They will miss out on enjoying the sense of accomplishment and independence that comes from working hard to master new things. Let them experience the consequences of their actions, which will be the best example they will accept and learn from. Teach them how to be independent.
6. I shouldn’t have yelled too much (and too loud)
Don't shout. It only breeds fear. Do not make your child afraid of you and others. Set reasonable consequences. Save yelling for genuine crises of safety, like stopping a child unthinkingly running into the road or a baby about to touch a hot stove. Your child will learn to associate "parent is yelling" with "not angry, but keeping me safe". If you can get through the workday without yelling at co-workers and peers, you can do so with your child, or at least avoid it the majority of the time. Nobody is perfect, but the habit of yelling is not necessary and is probably counterproductive. If your son has asked you to raise him without yelling, you’ve got the perfect opportunity to say, “Yes, sweetheart, I want to learn how to do that, too. But you will need to help me with this. The way you help is, you need to obey the very first time I ask you to do something. Can you do that for me?”
Yelling does not help children. Unconditional love and serving as a role model who helps your child internalize good character is what's most important. You have to show your child that decency, honesty, generosity, intelligence, and hard work are "normal" and desirable. Those examples help lead to success.
7. I shouldn’t have said that
Be careful in every word that you will say because words are very powerful, it gives a great influence on our children. Once you release a word from your mouth, there’s no turning back. We should build a good foundation for our children by teaching them all the good things we know.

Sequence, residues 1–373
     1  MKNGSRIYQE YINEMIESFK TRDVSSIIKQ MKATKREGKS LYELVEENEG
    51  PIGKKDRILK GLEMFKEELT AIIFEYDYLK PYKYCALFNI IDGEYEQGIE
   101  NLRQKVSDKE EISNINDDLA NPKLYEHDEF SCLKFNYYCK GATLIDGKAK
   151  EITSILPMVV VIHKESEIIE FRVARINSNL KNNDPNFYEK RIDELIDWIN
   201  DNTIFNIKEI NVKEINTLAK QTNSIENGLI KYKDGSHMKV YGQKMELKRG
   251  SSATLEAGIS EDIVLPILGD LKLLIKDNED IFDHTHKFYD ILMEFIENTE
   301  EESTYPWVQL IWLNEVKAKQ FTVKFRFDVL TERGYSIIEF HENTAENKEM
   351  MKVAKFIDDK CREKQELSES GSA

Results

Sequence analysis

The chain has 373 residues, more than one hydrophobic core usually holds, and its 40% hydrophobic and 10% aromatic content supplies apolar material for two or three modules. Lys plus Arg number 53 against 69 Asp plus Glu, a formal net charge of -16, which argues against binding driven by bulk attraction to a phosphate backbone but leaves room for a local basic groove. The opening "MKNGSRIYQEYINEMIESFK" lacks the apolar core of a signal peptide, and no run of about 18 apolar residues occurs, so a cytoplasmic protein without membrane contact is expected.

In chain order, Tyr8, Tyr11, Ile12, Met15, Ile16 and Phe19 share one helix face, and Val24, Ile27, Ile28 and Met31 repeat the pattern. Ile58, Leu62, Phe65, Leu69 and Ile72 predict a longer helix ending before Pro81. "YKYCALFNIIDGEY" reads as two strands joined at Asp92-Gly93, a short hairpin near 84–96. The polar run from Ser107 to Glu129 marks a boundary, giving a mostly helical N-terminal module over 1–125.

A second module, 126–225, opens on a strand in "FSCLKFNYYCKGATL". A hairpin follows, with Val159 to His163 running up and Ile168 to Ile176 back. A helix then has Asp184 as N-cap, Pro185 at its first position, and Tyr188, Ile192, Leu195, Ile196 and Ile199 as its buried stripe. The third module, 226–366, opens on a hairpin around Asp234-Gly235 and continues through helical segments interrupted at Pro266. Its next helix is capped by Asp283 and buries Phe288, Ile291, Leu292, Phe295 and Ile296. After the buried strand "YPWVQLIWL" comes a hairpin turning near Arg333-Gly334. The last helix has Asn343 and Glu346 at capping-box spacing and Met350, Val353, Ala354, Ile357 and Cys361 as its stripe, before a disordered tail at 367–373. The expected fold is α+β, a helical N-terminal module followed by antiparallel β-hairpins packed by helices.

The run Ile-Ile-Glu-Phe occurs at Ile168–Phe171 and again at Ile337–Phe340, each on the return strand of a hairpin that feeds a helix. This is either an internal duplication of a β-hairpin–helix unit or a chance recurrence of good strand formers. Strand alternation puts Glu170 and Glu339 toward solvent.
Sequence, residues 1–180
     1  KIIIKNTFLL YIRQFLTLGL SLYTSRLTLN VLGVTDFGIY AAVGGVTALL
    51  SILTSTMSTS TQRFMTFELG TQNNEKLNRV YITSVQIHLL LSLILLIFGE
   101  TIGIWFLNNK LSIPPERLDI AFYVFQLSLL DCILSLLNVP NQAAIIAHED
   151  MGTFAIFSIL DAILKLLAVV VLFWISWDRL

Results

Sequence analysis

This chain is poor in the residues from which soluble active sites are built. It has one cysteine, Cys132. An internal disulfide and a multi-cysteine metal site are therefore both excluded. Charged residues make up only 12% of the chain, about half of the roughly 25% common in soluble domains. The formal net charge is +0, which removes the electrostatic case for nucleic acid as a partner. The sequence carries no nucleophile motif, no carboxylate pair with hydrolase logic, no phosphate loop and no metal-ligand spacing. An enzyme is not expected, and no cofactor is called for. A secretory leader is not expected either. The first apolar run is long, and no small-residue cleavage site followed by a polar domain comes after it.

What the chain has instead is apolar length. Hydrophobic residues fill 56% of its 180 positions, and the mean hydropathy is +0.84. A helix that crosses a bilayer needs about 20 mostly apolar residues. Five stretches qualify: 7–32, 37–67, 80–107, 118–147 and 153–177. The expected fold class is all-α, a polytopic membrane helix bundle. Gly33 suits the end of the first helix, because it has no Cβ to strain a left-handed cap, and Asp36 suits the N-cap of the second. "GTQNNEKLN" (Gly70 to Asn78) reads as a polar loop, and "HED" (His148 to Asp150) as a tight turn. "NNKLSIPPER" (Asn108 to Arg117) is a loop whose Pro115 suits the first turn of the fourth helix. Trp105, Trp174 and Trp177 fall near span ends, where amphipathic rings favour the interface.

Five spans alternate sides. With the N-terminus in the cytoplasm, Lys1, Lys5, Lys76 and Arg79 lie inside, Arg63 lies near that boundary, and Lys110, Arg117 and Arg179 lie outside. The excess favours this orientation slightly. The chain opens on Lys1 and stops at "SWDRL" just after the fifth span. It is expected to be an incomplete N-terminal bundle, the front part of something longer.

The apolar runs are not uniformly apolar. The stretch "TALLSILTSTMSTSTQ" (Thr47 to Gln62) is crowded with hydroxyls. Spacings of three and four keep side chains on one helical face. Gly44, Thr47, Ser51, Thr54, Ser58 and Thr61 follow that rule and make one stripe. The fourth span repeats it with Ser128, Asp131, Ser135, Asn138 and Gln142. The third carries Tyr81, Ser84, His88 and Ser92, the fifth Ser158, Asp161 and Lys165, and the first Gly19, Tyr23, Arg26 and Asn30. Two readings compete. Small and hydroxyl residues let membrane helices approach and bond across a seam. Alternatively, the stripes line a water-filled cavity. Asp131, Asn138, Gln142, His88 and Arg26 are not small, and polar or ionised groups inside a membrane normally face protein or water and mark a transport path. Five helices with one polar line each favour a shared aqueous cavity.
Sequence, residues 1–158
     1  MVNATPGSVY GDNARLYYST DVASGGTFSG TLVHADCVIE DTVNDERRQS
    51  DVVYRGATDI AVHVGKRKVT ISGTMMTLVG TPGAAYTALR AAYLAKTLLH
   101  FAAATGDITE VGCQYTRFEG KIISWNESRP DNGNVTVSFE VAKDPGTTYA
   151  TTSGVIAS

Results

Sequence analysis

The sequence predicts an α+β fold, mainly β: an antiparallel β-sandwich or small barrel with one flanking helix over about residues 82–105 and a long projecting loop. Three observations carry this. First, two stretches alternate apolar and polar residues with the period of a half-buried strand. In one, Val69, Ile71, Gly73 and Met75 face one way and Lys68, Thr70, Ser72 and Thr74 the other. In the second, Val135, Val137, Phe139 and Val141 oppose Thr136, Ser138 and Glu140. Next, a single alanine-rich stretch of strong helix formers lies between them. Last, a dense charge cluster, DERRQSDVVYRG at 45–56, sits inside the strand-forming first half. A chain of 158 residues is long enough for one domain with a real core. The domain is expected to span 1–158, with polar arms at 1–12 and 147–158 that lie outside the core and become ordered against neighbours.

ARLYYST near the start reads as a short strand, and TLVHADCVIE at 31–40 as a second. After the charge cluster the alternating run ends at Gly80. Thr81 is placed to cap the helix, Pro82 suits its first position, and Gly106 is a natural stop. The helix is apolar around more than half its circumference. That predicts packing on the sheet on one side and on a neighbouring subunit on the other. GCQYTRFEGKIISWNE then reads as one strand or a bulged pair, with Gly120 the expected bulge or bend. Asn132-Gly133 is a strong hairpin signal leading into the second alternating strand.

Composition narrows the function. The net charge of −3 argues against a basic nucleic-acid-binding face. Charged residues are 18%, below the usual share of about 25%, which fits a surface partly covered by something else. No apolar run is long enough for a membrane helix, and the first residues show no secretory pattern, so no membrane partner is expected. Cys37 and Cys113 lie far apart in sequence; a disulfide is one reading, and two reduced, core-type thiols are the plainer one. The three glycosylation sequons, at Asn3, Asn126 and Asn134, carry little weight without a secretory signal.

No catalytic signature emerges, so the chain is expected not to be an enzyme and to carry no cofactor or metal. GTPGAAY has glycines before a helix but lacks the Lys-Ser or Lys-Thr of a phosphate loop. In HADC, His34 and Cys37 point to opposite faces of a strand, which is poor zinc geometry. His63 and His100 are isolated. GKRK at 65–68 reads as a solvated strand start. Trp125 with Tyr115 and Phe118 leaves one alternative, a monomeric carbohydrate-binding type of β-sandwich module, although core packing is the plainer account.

If you have a teenager, that’s where the challenging part comes in. These are some do’s and don’ts that can help us.
1. Have empathy.
2. Listen to your teen (even if you don’t agree with them).
3. Encourage and guide your teen.
4. Explain things to your teen.
5. Love your teen, and express that love constantly.
1. Don’t hold privileges over your child’s head and threaten to take them away at any second over small things.
2. Don’t talk about your teen to other people while they are listening/when they are not listening.
3. Don’t compare your teen to other teens.
4. Don’t ridicule your teen for being messy, disorganized, etc. Correct them or instruct them, but don’t make fun of them.
5. Don’t threaten to kick your kid out just because you had a minor disagreement with them.
6. Don’t use the silent treatment as punishment. It’s emotional abuse and doesn’t work.
Fathers hold everything in one kid's life, always remember that you hold the key to the happiness of your family. Your calling is a divine calling from God that will help your children to choose the right and to the right always. Regrets can be stopped by now if you will recognize to yourself what else you can do to change and be better for your children, we are all subject to improvement. As we learn the right things the challenge is the application of it in our lives.
Positive parenting as a dad in your son/daughter's life is a privilege to make heaven on earth. As you seek to love more your family every day, everything will work out eventually, change for the better always!